What is a hammertoe?
A hammertoe is a deformity that occurs over time, usually by shoes that are not properly fitted, resulting in shoes that cramp toes. Hammertoe is also more common for people with flat feet. This condition affects the second, third or fourth toes, and is the most common toe deformity.
A hammertoe is bent at the middle joint, making it resemble a hammer. The unusual angle causes the joint of the toe to buckle and protrude. This causes the afflicted toe to rub against shoes. Unsurprisingly, the most common complaint associated with hammertoe is irritation, calluses, or rawness on the top of the bent toe.
When the Bel Air podiatrists at Harford Lower Extremity Specialists are able to treat the condition in its early stages, when the hammertoe is flexible, the issue can be corrected with fairly simple treatments. If the hammertoe is ignored or left untreated for long periods of time, the toe will eventually grow into a fixed position and require surgery to treat.
What Causes Hammertoe?
Hammertoe is most common in people who continually wear shoes that don’t fit properly. These ill-fitting shoes cause an imbalance of the foot’s tendons, which eventually causes the toe to bend or buckle. Because the toes muscles are designed to work in pairs to straighten and bend the toes, prolonged misalignment or stress will cause the muscles to tighten and contract in ways that no longer allow the toe to stay stretched out.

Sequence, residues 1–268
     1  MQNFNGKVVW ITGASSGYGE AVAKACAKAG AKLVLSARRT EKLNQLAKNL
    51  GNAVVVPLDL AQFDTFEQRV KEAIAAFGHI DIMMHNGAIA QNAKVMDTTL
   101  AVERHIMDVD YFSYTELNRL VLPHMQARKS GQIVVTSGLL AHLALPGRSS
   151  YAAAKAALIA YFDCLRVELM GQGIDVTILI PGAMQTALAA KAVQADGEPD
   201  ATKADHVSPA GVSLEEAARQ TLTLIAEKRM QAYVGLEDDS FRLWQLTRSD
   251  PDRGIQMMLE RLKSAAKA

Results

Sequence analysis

Hammertoes are a common side-effect of wearing shoes that are extremely narrow or pointed at the toe, such as certain types of women’s pumps. Pointed-toed shoes push smaller toes into a bent position, often causing corns and calluses which can aggravate the condition. High-heeled shoes compound these effects by forcing the foot downward and compacting the toes even more. When this situation is repeated regularly, such as when women wear high heels to work every day, hammertoes frequently develop.
Why are Hammertoes so Painful?
Hammertoes can create or aggravate sores or calluses and can cause considerable pain in any type of shoe. The disfigurement of the toe (or toes) will be apparent to a doctor with a visual inspection, but people with hammertoes have watched their feet change over months or years and are often unable to recognize the symptoms. Many patients say they consider the shape of their foot and toes as “normal.”
How Do You Cure Hammertoes?
At Harford Lower Extremity Specialists, we explain the causes of hammertoes to our patients, and often prescribe orthotics or orthopedic toe appliances. A patient with a mild case of hammertoe may be able to purchase shoes with soft, roomy toe boxes. In extremes cases, patients may be advised to wear open-toed sandals that do not pinch or rub other areas of the foot.
For mild cases of hammertoe, our Bel Air podiatrists may prescribe toe exercises designed to stretch and strengthen the muscles. Over time, these exercises will correct the condition. Our doctors will also discuss whether commercially-available straps, cushions or nonmedicated corn pads are needed to relieve symptoms.
For diabetic patients, our Harford County foot doctors will explore the implications of poor circulation or a lack of feeling in the feet. If you have diabetes, play it safe and talk to one of our doctors before trying self-treatment.
For extreme cases, surgery may be required to correct hammertoe. The specifics of the procedure are dependent on the type and extent of the condition.
Our Bel Air podiatrists will also talk to you about proper post-operative care, which may include rest and exercises to help you ease back into normal walking.